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Excitons, lifetime and Drude tail within the current~current response framework

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We compare the optical absorption of extended systems calculated starting from the density-density and current-current linear response formalisms within the equilibrium many-body perturbation theory(MBPT). We show how, using the latter, one can incur in errors due to quasiparticle lifetimes, electron-hole interaction or the presence of a Drude tail. We present a solution for each one of these problems.

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Excitons, lifetime and Drude tail within the current~current response framework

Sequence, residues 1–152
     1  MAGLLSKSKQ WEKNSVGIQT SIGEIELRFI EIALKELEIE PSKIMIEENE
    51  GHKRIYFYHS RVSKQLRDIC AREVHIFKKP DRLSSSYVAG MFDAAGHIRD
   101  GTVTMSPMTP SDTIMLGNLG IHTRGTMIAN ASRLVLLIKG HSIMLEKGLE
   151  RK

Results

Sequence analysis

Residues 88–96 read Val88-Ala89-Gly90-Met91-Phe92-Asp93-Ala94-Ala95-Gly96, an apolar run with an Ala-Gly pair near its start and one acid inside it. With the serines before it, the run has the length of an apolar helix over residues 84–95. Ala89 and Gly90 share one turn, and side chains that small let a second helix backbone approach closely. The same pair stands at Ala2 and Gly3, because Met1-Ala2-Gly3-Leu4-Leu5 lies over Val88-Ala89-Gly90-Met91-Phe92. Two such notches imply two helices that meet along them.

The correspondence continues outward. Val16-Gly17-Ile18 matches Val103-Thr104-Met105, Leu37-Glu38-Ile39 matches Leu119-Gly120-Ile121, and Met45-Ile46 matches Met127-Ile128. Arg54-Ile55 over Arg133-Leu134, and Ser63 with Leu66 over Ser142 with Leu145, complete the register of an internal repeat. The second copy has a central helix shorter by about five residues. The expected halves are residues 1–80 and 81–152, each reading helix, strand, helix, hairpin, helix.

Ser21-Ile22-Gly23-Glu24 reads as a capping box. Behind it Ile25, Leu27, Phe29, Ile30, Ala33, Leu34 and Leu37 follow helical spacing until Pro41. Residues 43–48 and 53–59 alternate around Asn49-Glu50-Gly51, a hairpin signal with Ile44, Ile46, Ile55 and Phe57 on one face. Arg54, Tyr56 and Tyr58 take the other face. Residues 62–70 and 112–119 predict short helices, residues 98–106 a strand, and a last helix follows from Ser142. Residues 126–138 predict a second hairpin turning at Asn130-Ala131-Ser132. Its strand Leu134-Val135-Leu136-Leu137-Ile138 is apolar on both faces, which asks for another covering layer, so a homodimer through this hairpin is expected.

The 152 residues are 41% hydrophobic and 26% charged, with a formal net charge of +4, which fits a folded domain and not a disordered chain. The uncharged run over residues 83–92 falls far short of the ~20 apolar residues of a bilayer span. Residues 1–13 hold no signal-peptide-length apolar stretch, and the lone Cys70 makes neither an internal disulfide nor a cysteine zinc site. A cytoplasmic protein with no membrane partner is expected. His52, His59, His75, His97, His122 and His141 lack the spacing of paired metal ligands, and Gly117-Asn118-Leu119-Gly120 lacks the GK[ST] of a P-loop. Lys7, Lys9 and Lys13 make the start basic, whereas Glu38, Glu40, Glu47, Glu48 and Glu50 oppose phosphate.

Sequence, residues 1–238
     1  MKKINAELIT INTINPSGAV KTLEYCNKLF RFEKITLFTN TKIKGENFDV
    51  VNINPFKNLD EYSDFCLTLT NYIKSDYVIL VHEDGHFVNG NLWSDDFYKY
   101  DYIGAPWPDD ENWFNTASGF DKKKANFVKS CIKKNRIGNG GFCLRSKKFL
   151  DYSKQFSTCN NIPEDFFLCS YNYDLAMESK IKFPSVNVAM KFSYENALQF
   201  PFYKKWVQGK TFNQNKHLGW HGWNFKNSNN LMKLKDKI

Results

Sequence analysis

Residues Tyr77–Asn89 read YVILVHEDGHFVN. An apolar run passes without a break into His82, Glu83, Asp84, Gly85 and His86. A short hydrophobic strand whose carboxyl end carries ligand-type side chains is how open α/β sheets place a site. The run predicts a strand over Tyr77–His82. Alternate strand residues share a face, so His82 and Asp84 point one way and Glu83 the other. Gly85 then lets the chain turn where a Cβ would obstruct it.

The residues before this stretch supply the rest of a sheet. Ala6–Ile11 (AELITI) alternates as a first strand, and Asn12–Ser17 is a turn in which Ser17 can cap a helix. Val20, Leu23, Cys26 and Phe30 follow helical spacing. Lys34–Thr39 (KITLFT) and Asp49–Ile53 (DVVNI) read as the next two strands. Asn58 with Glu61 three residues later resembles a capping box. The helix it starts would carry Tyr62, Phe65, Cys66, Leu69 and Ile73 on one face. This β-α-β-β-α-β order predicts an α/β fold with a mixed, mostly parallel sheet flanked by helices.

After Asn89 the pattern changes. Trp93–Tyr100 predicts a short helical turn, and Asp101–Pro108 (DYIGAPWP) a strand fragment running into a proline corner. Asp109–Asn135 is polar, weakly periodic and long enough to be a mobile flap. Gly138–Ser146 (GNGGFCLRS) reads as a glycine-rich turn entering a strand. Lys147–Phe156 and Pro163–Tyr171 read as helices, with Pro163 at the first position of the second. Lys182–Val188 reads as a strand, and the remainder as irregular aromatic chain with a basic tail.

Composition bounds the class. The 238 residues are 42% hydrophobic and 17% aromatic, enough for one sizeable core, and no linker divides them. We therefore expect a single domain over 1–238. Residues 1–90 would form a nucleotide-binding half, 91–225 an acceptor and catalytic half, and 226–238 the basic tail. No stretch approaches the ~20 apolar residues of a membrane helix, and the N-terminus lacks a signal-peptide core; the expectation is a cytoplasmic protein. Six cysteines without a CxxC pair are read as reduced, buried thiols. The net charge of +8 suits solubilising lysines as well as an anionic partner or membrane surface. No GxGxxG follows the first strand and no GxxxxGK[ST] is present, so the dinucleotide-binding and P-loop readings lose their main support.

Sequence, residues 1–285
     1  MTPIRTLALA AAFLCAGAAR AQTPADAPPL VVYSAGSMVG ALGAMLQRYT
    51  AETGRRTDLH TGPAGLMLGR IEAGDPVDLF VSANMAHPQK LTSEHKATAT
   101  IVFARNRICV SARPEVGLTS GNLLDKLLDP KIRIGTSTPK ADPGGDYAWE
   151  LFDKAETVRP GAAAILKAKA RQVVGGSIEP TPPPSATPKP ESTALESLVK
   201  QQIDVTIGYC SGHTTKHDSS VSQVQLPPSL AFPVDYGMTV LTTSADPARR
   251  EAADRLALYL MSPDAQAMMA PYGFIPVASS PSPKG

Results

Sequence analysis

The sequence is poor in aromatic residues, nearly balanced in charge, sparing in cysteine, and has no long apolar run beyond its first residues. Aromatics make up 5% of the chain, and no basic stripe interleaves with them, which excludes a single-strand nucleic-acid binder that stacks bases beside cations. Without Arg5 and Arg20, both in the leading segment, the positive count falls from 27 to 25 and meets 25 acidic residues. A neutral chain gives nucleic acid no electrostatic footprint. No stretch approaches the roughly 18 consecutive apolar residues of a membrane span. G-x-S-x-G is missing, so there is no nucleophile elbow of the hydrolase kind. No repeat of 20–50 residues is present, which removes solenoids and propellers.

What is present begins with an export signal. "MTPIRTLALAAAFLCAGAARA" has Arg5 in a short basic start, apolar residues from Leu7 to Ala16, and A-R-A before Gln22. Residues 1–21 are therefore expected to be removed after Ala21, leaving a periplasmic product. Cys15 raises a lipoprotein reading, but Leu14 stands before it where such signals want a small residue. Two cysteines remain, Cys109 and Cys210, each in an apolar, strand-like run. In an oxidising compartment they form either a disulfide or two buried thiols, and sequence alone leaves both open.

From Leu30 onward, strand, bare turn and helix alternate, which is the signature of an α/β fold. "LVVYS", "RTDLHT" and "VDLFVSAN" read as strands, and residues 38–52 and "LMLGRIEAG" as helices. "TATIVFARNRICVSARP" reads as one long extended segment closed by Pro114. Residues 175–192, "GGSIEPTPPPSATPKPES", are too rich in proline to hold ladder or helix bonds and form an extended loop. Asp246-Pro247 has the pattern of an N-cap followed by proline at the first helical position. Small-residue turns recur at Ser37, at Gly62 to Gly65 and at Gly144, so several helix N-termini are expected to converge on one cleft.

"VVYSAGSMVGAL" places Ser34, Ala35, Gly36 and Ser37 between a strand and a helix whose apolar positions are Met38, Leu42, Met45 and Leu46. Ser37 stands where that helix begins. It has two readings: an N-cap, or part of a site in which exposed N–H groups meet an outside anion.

1. 1. Excitons, lifetime and Drude tail within the current current response framework~ authors Davide SANGALLI Claudio ATTACCALITE Arjan J. BERGER Pina ROMANIELLO Myrta GRUNING Introduction RESPONSE FUNCTIONS THE DRUDE TAIL ELECTRON HOLE INTERACTION~ CONCLUSIONS We compare the optical absorption of extended systems calculated starting from the density-density and current-current linear response formalisms within the equilibrium many-body perturbation theory(MBPT). We show how, using the latter, one can incur in errors due to quasiparticle lifetimes, electron-hole interaction or the presence of a Drude tail. We present a solution for each one of these problems :-) Within Many-Body Perturbation Theory(MBPT) response functions are obtained from the so called Bethe-Salpter Equation(BSE)2 : Where L0 is the independent particle solution, without electron-hole interaction and the term Takes into account the variation of the Hartree term vH and the self-energy . The self-energy is usually approximated in term of a static screened Coulomb interaction. Within this approximation the BSE has a structure similar to the response function in Hartree-Fock. The BSE can be mapped into an effective two-particle Hamiltonian, written in a basis of single particle excitations: From the solution this matrix equation we obtain response functions as: Where the sum is on the eigenvalues of the BSE matrix and aExc is the expectation value of the density or current operators. From this expression it is possible to calculate the dielectric constant in the two formalism: The problem arises - how to define the velocity operator in presence of interaction. In literature, in analogy with dipole operator, this definition is found: In our work, we show that this definition is wrong, and that the velocity operator must be defined through the commutator: In this work we discuss the equivalence between the current-current and density- density formalisms in cases more complicated than the simple independent particle approximation. We show how to correctly handle quasi-particle lifetimes and how to reproduce the Drude tail in the two formalisms. Finally we provide the correct formula to calculate the optical absorption within the current-current formalism by means of the Bethe-Salpeter Equation. Density and current–density variations are induced as response to the perturbing potentials. In presence of a macroscopic longitudinal perturbations. They can be described by using only a scalar potential or by using only a longitudinal vector potential. Then we can define two response functions the density- density and current-current response: The dielectric constant of a solid can be expressed in terms of the above response functions as: and These two definition of the dielectric constant are related by the equation: In the limit of q that goes to zero, the two dielectric constants should give the same description1, but how we show in this work, in practical calculations care has to be taken to make for this to be the case. References QUASIPARTICLE LIFETIME 1) W. Schäfer and M. Wegener, Semiconductor Optics and Transport Phenomena: From Fundamentals to Current Topics (Springer, 2002) 2) G. Strinati, Application of the Green’s functions method to the study of the optical properties of semiconductors, Riv. Nuovo Cimento 11, 1 (1988) 3) Aryasetiawan, F., & Gunnarsson, O. The GW method. Reports on Progress in Physics, 61(3), 237. (1998) 4) N. Raimbault et al. Gauge-Invariant Calculation of Static and Dynamical Magnetic Properties from the Current Density, Phys. Rev. Lett. 114, 066404 (2015) In real systems single particle energies are complex quantities due to the scattering of the electrons with other electrons3 and with phonons: In MBPT they are described by means of a self-energy operator that contains an imaginary part: Inserting this complex self–energy in the bare KS hamiltonian becomes non hermitian and the corresponding velocity reads: Neglecting that the velocity is non-hermitian generates a fictitious Drude peak in the absorption. The characteristic behavior of a Drude metal in the frequency domain is a divergence of the dielectric constant () for that goes to zero. This term originates from the intra-bands transitions. The difficult in calculating this term is that the dielectric constant at q=0 in density-density formalism is different from its limit: Therefore particular care has to be taken to obtain the Drude tail by expanding occupations and energies at small momentum: Current-current response is a more natural choice for metals, since it includes the Drude tail both in the limit and in the dielectric function at q=0. However care has to be taken because the terms that contribute to the Drude tail converge in different way with the number of bands and a straightforward calculation will never converge. We found that the best strategy is to explicitly include intra-bands transitions as in the density-density case4 . CINaM, Campus de Luminy Case 913, 13288 Marseille,France http://attaccalite.com

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